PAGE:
Canihua / Kaniwa - The New Quinoa?
Canihua (Chenopodium pallidicaule) belongs to the Amaranthaceae family and is a so-called pseudo cereal, which also includes amaranth, buckwheat, quinoa, and chia seeds. By the way, it is biologically closely related to quinoa.
Canihua (Kaniwa) is native to Peru and Bolivia, where the cold-resistant Kaniwa plant grows in the Andean mountain range and is known by various names such as kañiwa, kañawa, and kañagua 1. The small gluten-free seeds have a sweet chocolate flavor with a hint of nut.
Canihua contains many antioxidants
Scientists investigated the antioxidant capacity as well as the secondary plant compounds (phenolic compounds and flavonoids) in Canihua grown at an altitude of 3,850 m 2. Eight main compounds were identified: Catechin gallate, Catechin, Vanillic acid, Kaempferol, Ferulic acid, Quercetin, Resorcinol, and 4-Methylresorcinol. Resorcinols exhibited the highest antioxidant capacity. According to the results, Canihua is a potential source of natural antioxidant compounds and other biologically active compounds that can be significant for human health. According to another study, Canihua contains 943 μg (+/- 35 μg) of quercetin derivatives with a very high antioxidant activity of 75% 3. For comparison, the antioxidant activity of quinoa is 86%.
Another antioxidant compound found in Canihua is Isorhamnetin 4. Antioxidants are plant compounds that the human body needs to counteract free radicals. Free radicals can damage cells and may be the cause of various diseases such as cardiovascular and inflammatory diseases, cataracts, and cancer 5.
According to other studies, Canihua could be an alternative to conventional grains with health-promoting nutrients 6. Analyses have also shown high antioxidant activity due to phenolic compounds.
By sprouting the seeds for 72 hours, the number of phenolic compounds and flavonoids increases, further enhancing the antioxidant effect of Canihua 7.
Canihua primarily contains the essential micronutrients iron (15 mg per 100 g), calcium (110 mg), and phosphorus (375 mg) in higher amounts. The proportion of these three nutrients is higher in Canihua compared to regular grains. Iron is required for oxygen transport to the body cells and is thus essential for energy production in the body. Calcium and phosphorus are minerals needed by the body, particularly for bone and dental health. Cooking the seeds can increase the bioavailability of minerals 8.
Further nutritional values of Canihua can be found here.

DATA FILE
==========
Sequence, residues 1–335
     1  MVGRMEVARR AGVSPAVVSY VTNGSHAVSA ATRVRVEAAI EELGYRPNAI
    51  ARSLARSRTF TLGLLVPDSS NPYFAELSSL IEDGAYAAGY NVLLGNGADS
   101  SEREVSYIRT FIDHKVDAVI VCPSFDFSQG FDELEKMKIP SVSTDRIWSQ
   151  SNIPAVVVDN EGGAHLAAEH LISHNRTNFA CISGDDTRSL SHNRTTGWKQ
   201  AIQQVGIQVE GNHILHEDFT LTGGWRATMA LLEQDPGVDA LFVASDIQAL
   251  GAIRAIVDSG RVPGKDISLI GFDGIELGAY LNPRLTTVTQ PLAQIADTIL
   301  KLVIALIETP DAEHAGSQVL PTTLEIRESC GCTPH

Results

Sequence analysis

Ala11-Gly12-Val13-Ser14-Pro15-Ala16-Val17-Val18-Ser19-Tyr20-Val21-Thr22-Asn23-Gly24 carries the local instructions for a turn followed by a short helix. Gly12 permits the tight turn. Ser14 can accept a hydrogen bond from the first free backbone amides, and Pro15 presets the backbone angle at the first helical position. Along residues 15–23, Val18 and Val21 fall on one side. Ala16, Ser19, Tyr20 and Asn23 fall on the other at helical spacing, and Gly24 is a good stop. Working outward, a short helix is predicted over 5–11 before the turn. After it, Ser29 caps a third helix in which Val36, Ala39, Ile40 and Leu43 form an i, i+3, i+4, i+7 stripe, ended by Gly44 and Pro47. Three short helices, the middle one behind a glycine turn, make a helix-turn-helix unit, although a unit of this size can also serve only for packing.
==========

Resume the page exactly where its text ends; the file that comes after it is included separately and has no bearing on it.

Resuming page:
Due to its high carbohydrate content (63.4 g), Canihua is quite calorie-rich. The advantage here lies in the high amount of complex carbohydrates, which are broken down and absorbed more slowly by the body. However, the proportion of readily available sugars (monosaccharides and disaccharides) is relatively low at 6.5 g per 100 g, considering the high carbohydrate content.
In addition to proteins, Canihua also has a relatively high amount of dietary fiber at 6.1 g per 100 g.
The indigestible fiber stimulates the digestive tract, serving as a food source for intestinal bacteria and promoting a healthy gut flora.
Canihua contains higher amounts of protein (15.7 g per 100 g) and is a high-quality plant-based protein source. The seeds have an exceptional amino acid profile with high proportions of the amino acids lysine (0.88 g), isoleucine (0.53 g), and tryptophan (0.17 g) 9. The values are also higher compared to grains 10.
The small seeds contain 7.6 g of fat per 100 g. The majority of that is made up of the essential Omega-6 fatty acid linoleic acid, which accounts for approximately 43% 11. Linoleic acid is a component of the skin and is needed for conversion into other fatty acids involved in immune reactions and neurotransmitter activity.
Canihua also contains a higher proportion of γ-tocopherol (one of eight vitamin E compounds), which acts as an antioxidant and contributes to the prolongation of seed shelf life. Thiamine (vitamin B1; 0.62 mg per 100 g) and riboflavin (vitamin B2; 0.51 mg) are also present as additional vitamins in the seeds. Vitamin B1 is needed, among other things, for the release of energy from blood sugar (glucose), and vitamin B2 is needed, among other things, for the utilization of energy from carbohydrates, proteins, and fats.
In contrast to quinoa, Canihua does not contain or only contains very few saponins (soap-like substances that taste bitter) 12 13. This eliminates processing steps such as washing the seeds with running water.
Canihua is typically used as an ingredient in stir-fries, soups, and casseroles, or cooked into porridge. To do so, boil 3 parts water with 1 part Canihua over medium heat for about 15 minutes until all the water is absorbed. The porridge is traditionally also stirred into healthy beverages.
The seeds can also be roasted and popped. They make a great addition to salads, desserts, soy yogurt, muesli, or granola bars.
In addition, the seeds can be ground and used for baking. You can use the flour to create chocolate-flavored breads, cakes, waffles, and cookies.
You can also make pancakes from the flour, which go well with agave syrup or maple syrup, along with fruits and nuts.
Where to buy Canihua
Canihua can be found occasionally in organic food stores and health food shops. Additionally, you can also order the seeds online.